Prominent Australians call on PM to keep aid promise
The Australian Council for International Development, the peak body for aid charities, has released an open letter to the Prime Minister — signed by more than 100 prominent Australians — calling on her to ensure next week’s budget does not break our promise on aid.
Signatories to the letter include 2012 Australian of the Year Geoffrey Rush, actors Hugh Jackman and Deborra-Lee Furness, entertainers The Wiggles, Jimmy Barnes, Missy Higgins, Jamie Durie and Clare Bowditch, former Prime Minister the Right Hon. Malcolm Fraser AC CH, ACTU President Ged Kearney and former Masterchef winner Julie Goodwin.
Prominent business leaders have thrown their support behind the letter, including 2011 Australian of the Year Simon McKeon, Harold Mitchell AC, CEO of Yahoo7 Rohan Lund, Managing Director and CEO of Macquarie Bank Greg Ward, Executive Director of Telstra Rebekah O’Flaherty, Managing Director of KPI Consulting John Stewart and Group Executive for Qantas Lesley Grant.
The nation’s church leaders are also on board, with leaders from across denominations concerned about the effects of Australia backing away from our promise to the world’s poorest people. Uniting Church signatories include the Rev. Alistair Macrae
President of the national Assembly, and the Rev. Dr Brian Brown, Moderator of the Synod of New South Wales and the ACT.
“Most of the people living in poverty worldwide live in our own neighbourhood of Asia and the Pacific,” said Marc Purcell, Executive Director of ACFID. “So, as Australians, we know how important it is stay true to our longstanding commitments on aid,” he said.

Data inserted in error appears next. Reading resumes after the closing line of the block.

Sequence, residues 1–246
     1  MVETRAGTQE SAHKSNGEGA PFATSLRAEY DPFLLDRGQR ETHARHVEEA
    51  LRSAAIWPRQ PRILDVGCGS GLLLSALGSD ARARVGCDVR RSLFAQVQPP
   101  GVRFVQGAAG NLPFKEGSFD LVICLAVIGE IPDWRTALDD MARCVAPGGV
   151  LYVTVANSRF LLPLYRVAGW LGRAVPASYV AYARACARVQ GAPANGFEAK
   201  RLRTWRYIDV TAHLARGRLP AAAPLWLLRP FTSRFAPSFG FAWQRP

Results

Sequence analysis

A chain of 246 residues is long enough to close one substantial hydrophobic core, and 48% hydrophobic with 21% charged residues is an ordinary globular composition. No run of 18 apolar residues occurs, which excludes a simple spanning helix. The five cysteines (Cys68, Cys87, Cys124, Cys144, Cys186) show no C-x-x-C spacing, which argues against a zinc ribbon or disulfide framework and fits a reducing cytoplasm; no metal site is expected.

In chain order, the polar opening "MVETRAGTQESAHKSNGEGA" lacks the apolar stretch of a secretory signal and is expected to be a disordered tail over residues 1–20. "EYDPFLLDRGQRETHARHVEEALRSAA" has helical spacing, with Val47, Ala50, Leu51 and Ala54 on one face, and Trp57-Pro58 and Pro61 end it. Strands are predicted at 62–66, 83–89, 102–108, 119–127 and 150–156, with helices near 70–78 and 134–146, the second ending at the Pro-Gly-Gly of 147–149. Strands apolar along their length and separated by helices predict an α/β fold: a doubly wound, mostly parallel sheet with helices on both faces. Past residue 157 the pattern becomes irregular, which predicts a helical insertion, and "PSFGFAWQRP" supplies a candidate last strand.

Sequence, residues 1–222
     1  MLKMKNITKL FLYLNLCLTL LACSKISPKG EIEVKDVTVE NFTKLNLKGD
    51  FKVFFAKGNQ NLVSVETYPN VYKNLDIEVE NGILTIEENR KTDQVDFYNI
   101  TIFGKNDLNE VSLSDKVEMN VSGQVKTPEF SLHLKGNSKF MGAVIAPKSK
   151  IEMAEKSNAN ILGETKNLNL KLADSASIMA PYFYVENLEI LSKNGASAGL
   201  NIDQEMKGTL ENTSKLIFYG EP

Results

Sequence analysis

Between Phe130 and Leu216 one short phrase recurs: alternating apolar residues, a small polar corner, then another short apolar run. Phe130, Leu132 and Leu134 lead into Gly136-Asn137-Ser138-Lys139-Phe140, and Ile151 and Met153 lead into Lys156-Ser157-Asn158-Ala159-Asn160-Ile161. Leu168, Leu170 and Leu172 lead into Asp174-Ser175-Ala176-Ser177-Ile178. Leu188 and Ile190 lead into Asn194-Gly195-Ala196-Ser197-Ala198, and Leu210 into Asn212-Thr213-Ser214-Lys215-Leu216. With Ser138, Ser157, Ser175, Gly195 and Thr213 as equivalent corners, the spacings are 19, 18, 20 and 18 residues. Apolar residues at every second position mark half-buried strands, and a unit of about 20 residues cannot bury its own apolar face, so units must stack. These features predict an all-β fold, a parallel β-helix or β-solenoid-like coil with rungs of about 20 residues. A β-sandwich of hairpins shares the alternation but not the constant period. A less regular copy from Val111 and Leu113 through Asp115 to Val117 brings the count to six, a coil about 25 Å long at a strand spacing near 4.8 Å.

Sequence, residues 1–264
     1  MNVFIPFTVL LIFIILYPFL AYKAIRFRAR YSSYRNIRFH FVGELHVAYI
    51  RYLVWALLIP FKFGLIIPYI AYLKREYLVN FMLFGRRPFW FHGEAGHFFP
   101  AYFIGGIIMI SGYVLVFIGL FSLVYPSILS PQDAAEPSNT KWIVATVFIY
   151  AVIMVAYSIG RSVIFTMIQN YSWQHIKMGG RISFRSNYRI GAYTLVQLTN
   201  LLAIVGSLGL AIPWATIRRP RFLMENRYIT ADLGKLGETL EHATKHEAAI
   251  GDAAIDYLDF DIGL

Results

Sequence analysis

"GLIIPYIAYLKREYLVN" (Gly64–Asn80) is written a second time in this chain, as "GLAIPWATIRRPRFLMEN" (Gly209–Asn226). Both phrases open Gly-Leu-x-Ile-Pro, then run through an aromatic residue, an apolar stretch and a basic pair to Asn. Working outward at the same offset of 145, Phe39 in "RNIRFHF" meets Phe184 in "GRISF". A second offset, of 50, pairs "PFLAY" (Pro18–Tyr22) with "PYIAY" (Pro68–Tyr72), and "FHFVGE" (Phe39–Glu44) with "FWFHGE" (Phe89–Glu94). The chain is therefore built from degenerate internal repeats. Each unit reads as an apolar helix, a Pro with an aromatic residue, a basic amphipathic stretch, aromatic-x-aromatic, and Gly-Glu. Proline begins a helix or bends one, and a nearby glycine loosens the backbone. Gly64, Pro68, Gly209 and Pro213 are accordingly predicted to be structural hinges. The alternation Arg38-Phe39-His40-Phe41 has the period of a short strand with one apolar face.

The Rev. Tim Costello, CEO of World Vision Australia, said “The Prime Minister promised in the 2010 election to lift Australian aid to just 50 cents in every $100 of our national income, and this commitment cannot be broken for the sake of a surplus.
“800,000 extra lives could be saved by Australia keeping this commitment, which is part of the international push to halve global poverty by 2015.”
Andrew Hewett, Executive Director of Oxfam Australia, said, “It is unacceptable that more than 20,000 children still die every single day due mostly to diseases that are entirely preventable.”
He said, “It is in Australia’s national interest to ensure a prosperous, peaceful region and Australian aid can help achieve this.”
Australian of the Year and UNICEF Ambassador Geoffrey Rush said, “We have made enormous progress in the battle against poverty. Australia must not cede the commitment to aid that is held across the political spectrum. To do so will jeopardise the futures of millions of people who have been given the opportunity to lift themselves out of poverty, in no small part, thanks to Australia’s foreign aid.”
CEO of Care Australia, Dr Julia Newton-Howes, said that Australia could afford to spend more on aid. “We are one of the wealthiest nations in the world,” she said, “but right now we rank only 13th on the league table of OECD nations on aid giving.”
Ian Wishart, CEO of Plan International Australia, said that children and families in our neighbourhood were counting on Australia keeping its promise.
“Many millions of men, women and children in some of our closest neighboring countries owe their lives, their ability to attend school and the safe birth of their children to Australian aid,” he said.
Australians are waiting for the Prime Minister to show the world that when we make a promise, we keep it.
The open letter and full list of signatories can be found here.